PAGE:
As for sleep, he slept on a mattress without sheets—it was his abandoned marriage bed—or in the hammock, covered by his coat. (1.3)
Herzog doesn't do himself any favors when he retreats to his Berkshire house to stop thinking about his failed marriage to Madeleine. There are reminders of her all through the place, including the bed they used to share.
His friend, his former friend, Valentine, and his wife, his ex-wife Madeleine, had spread the rumor that his sanity had collapsed. Was it true? (1.6)
Madeleine didn't just divorce Herzog. She also got together with his best friend and tried to have Herzog committed to an asylum. How's that for a clean break?
Theirs was not a marriage that could last. Madeleine had never loved him. She was telling him that. (1.44)
Madeleine tells Herzog she never loved him, although she might just be saying that now that the love is gone. Her Aunt Zelda, for example, insists to Herzog that Madeleine loved him in the beginning. But that's the problem with love: it's tough to prove when it is or isn't there.
She was thirty-seven or thirty-eight years of age […] and this meant she was looking for a husband. (1.108)
Ramona sounds like the perfect woman for Herzog. But he's afraid of getting involved with her because he knows that marriage is waiting in the background of every word she says to him. But it's hard for him to get into the mood when Ramona's goal is so obvious, even though he does like her.
Wanda rejected the suggestion of a divorce. She was perfectly satisfied with her marriage. She said it was all any marriage could be. (1.151)
After Madeleine throws him out, Herzog travels to Europe and has an affair with a married Polish woman named Wanda. Wanda can't stand her husband. But the moment Herzog suggests she leave the guy, she refuses. In her mind, having affairs is fine, but divorce isn't.
[We] were asked to suggest topics for new lecture courses and I said what about a series on marriage. I might as well have said "Currants" or "Gooseberries." (2.2).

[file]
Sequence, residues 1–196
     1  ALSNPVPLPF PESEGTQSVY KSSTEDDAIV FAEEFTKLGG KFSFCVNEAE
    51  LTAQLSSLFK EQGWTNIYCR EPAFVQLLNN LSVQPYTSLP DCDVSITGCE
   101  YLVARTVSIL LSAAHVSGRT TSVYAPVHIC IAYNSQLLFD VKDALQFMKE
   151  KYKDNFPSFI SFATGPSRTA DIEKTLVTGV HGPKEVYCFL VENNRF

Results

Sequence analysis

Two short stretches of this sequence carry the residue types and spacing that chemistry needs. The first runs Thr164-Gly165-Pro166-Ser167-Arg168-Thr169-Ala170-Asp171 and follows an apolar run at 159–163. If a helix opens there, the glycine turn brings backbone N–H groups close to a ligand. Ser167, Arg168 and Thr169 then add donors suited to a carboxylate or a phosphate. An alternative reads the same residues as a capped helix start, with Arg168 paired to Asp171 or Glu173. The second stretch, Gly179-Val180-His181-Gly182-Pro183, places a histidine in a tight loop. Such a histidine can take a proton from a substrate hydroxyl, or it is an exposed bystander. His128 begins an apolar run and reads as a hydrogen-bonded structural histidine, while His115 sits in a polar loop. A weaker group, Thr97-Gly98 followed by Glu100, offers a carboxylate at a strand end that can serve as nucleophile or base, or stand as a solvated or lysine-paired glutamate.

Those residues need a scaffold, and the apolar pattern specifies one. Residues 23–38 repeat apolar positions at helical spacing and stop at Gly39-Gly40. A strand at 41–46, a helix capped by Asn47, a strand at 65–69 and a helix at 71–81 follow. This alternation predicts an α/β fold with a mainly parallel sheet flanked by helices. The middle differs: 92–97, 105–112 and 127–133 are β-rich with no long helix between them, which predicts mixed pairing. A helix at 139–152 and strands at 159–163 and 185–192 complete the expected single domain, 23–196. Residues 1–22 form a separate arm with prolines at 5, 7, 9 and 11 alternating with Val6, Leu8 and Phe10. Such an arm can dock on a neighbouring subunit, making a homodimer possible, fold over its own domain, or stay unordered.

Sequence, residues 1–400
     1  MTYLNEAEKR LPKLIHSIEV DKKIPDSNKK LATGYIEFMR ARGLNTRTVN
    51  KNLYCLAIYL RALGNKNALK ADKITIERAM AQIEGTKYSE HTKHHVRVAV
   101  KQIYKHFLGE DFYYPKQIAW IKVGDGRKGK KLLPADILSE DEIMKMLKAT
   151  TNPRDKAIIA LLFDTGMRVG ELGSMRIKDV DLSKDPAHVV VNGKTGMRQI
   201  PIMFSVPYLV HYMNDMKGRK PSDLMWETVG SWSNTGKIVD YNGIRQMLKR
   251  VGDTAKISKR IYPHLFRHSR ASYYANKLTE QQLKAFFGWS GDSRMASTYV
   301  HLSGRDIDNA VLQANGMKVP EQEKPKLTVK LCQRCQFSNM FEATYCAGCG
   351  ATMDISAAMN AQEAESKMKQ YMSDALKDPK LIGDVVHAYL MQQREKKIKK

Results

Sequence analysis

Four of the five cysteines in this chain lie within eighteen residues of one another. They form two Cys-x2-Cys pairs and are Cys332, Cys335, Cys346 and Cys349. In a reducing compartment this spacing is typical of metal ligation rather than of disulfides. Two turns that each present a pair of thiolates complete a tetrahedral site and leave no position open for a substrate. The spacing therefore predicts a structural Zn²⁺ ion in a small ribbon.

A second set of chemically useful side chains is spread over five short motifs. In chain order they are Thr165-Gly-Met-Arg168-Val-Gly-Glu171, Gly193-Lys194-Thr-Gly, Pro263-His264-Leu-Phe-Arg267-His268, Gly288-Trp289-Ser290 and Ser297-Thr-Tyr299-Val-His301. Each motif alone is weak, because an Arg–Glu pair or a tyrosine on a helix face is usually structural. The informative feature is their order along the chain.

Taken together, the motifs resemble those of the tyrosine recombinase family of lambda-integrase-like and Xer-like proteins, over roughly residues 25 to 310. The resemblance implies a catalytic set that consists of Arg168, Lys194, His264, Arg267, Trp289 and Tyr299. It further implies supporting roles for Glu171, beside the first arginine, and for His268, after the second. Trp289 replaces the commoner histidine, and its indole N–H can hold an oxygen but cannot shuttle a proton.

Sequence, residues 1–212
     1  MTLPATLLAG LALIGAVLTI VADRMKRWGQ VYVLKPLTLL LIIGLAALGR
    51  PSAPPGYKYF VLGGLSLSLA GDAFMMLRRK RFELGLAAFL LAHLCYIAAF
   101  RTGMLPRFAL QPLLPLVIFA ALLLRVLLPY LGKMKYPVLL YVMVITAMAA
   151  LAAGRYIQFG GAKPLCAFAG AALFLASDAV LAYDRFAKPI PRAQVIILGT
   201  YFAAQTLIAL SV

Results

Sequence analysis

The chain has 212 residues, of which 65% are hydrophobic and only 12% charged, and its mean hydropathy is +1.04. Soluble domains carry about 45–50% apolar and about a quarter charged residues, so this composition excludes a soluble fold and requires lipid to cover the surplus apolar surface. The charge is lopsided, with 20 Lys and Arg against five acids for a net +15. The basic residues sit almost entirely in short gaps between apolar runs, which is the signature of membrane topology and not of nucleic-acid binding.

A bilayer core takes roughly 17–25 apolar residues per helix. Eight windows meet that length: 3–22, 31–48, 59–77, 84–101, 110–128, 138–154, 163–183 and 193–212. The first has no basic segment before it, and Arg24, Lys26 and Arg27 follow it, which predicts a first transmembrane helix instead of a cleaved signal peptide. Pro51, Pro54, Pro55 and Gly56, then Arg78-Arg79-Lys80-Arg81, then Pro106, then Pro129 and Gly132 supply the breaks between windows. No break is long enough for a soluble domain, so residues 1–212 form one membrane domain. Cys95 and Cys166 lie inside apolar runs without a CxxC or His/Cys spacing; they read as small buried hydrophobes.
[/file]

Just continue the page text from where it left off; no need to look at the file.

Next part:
When Herzog compares a course on marriage to a course on currants or gooseberries, he's putting marriage on the same level as boring, unimportant subjects. Either that, or he just thought about marriage at random.
"No, while you were still married." Zelda's mouth tightened. (2.61).
Aunt Zelda isn't blind. She knows that Herzog probably cheated on Madeleine while he was married to her, and this makes him much less of a victim in the eyes of us readers. The book never totally confirms the accusation, but Herzog's reaction suggests there might be something to it.
Phoebe had only one business in life, on aim, to keep her husband and protect her child. (2.204)
Phoebe Gersbach knows deep down that her husband Val is cheating on her. But she'll do whatever it takes to make sure her marriage to him doesn't end. Even when he flaunts the affair in front of her, she won't give in. To her, family duty trumps personal feelings.
He exclaimed mentally, Marry me! Be my wife! End my troubles!—and was staggered by his rashness, his weakness, and by the characteristic nature of such an outburst, for he saw how very neurotic and typical it was. (3.4)
Herzog knows that Ramona is an easy answer to all his problems. She's beautiful, she worships him, and he's totally on the rebound. But deep down, he knows he'd only be asking for trouble if he dove headfirst into a marriage with her.
She was aware that her relations with Gersbach offered grounds for a custody suit and she would therefore make the most of his present weakness—his idiocy. (8.273)
Madeleine knows that her affair with Val has weakened her case in her divorce with Herzog, which is why she'll use any opportunity that comes up (like Herzog's car accident) to gain more leverage over him. For her, marriage might be love; but divorce is war.